You should first approach the seller of the item. Then, get in touch with the relevant consumer agency. If neither of the previous provides adequate results, a lawsuit can be filed or you may use arbitration.
Approach the Seller
- Compile all necessary evidence such as canceled checks, receipt, photographs showing the issue, a warranty, bill of sale or contract.
- Determine your goal. Would you like the product replaced? Would you like a refund? Are you just looking for an apology?
- Schedule a meeting with the manager, customer service representative or other appropriate person by calling the store or service provider. In this meeting with the individual, describe as clearly as possible the nature of the issue and what your goal is. If you can only speak by phone, write a letter as follow-up and keep detailed notes of the dates and with whom you spoke with. It is important to note that if there is a valid warranty for the product, it is best to follow-up with the manufacturer and not the merchant.
- Take the issue to a higher level, if this doesn't find a solution. This could be the corporate president or supervisor. At this point, you should put your complaint in writing if you have yet to do so. This letter should detail your name, phone numbers, address, and account number (if applicable). Include the date and place of purchase as well as the model and serial number if a product is involved. Concisely describe the issue at hand and the process you have gone through so far to reach a solution. Lastly, you should include what outcome you want and state a deadline for this outcome. Keep a copy of the letter for yourself and include relevant copies of documents. Make sure you keep the originals and retain copies of any correspondence you receive from the company.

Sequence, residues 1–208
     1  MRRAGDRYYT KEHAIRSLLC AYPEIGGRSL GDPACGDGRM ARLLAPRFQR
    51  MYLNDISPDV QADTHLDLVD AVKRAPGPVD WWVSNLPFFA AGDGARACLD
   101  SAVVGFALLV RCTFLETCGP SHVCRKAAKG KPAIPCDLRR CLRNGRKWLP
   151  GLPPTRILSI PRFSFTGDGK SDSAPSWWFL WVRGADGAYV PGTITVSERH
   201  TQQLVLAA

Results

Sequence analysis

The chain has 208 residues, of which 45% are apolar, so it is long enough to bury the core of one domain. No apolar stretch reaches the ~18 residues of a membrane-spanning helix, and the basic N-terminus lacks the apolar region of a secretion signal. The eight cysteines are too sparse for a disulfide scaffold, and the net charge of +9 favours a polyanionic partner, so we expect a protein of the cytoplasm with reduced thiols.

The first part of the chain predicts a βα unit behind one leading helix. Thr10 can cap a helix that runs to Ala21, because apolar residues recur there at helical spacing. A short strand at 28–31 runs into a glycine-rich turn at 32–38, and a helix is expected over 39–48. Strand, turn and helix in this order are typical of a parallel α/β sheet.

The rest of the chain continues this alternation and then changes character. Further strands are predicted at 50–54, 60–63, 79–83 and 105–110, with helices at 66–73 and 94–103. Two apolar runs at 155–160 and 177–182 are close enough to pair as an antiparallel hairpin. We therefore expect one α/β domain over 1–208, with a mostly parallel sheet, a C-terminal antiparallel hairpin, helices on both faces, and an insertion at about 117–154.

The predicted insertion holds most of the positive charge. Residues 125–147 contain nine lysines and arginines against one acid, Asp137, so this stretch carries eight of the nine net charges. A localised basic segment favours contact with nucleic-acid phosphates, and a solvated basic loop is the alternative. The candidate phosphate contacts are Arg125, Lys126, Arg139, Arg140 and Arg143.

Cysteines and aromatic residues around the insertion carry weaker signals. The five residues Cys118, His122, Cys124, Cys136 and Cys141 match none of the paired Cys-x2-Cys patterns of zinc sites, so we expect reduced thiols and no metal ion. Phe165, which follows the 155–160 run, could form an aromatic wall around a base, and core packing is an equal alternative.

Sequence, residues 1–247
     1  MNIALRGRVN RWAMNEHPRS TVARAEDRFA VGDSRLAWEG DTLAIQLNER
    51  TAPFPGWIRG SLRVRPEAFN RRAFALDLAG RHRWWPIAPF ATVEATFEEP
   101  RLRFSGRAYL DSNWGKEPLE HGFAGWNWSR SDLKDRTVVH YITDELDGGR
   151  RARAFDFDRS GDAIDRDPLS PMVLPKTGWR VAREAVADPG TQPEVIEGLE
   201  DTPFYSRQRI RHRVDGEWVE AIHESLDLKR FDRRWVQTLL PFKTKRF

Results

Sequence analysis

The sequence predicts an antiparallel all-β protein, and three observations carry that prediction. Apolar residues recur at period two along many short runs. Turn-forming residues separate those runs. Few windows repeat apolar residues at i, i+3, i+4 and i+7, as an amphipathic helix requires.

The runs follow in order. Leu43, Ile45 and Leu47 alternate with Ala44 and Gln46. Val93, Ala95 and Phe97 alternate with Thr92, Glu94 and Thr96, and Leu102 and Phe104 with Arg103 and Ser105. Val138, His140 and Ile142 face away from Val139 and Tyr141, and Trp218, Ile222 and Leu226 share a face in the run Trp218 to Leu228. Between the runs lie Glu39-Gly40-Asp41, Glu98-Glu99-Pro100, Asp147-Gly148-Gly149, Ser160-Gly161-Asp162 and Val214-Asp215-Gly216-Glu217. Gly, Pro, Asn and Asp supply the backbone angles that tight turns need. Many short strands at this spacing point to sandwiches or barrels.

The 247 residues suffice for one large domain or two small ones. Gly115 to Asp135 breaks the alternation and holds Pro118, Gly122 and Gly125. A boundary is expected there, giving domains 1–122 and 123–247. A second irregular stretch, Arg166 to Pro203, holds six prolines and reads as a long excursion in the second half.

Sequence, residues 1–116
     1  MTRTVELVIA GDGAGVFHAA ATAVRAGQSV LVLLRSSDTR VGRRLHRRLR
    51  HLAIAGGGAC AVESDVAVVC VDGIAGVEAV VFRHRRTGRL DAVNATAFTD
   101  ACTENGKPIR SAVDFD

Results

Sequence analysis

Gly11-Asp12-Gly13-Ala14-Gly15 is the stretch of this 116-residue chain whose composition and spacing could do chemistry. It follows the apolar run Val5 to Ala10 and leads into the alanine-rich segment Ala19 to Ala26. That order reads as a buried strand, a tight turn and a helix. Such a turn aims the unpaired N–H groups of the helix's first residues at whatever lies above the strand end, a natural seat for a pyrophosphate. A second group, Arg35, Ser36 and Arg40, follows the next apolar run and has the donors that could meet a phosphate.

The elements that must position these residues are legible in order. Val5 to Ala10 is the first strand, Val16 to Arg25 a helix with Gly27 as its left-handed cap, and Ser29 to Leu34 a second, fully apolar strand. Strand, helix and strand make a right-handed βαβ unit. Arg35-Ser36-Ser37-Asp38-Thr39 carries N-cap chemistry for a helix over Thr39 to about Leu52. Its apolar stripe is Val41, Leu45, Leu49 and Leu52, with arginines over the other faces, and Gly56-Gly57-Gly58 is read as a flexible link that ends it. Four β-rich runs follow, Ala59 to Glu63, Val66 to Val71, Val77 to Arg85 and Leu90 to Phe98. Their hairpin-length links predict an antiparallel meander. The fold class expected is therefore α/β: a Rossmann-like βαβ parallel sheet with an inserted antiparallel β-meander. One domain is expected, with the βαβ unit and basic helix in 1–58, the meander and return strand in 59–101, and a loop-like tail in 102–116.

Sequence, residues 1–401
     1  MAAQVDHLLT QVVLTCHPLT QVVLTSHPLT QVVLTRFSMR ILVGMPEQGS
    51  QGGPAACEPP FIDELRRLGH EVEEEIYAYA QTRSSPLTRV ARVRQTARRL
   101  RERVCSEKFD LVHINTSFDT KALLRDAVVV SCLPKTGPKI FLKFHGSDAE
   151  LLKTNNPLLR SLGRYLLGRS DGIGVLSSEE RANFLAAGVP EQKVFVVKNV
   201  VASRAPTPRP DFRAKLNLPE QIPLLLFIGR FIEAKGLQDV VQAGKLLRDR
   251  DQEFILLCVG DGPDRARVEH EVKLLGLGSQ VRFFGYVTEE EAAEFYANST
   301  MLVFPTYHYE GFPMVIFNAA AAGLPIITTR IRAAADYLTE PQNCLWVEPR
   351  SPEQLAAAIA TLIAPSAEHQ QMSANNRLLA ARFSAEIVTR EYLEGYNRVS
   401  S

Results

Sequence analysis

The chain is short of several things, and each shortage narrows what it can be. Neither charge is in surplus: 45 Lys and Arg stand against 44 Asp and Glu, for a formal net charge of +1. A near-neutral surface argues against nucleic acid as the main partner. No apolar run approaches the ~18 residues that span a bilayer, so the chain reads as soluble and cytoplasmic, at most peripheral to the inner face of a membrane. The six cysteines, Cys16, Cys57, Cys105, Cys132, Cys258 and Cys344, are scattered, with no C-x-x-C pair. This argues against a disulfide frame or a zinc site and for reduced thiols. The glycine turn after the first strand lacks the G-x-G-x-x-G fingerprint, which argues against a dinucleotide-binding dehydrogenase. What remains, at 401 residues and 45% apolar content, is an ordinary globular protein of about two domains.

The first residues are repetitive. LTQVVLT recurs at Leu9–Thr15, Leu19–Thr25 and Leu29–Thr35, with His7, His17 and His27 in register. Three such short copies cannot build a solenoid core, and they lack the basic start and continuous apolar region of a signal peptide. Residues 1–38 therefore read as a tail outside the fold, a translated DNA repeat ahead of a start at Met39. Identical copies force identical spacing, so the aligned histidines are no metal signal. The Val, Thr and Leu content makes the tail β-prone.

Get in touch with an agency
If your desired goal has yet to be reached, you will want to look in the phone book or online for a consumer complaint agency, such as the county, city or state consumer protection office or the Better Business Bureau.
Another option is to go with the trade association method. There are industry trade associations that will offer to aid in mediating issues with regards to their members.
You may want to get in touch with the appropriate state-banking regulator if your issue deals with a bank. If an insurer is involved, you will want to get in touch with the state insurance regulator, for a securities problem contact the securities regulator or for utilities problems contact the public utilities commission.
Call the state-licensing department if you the issue deals with a state-licensed trade, such as a plumber.
Research the lemon laws of your state, unless you reside in Arkansas or South Dakota, by getting in touch with your state consumer protections agency in the event that you purchased a bad used car.
Get in contact with your area postal inspector, whose information can be located in the U.S. government section of the telephone book, for issues that pertain to mail order or mail fraud.
Look into finding a local television news program hotline for resolving consumer complaints.
Filing a lawsuit
When there are no more options, you will want to file a court case in either small claims court, if the amount is small (usually less than $5000) or if not, a regular lawsuit.
More than likely speaking with an attorney and having them draft a letter to the merchant or service provider giving the details about the lawsuit will resolve the issue.
You probably won't need to hire a lawyer if a small claims case is involved. If the case is bigger than small claims, you will want to hire a lawyer.
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Source: Thomson Reuters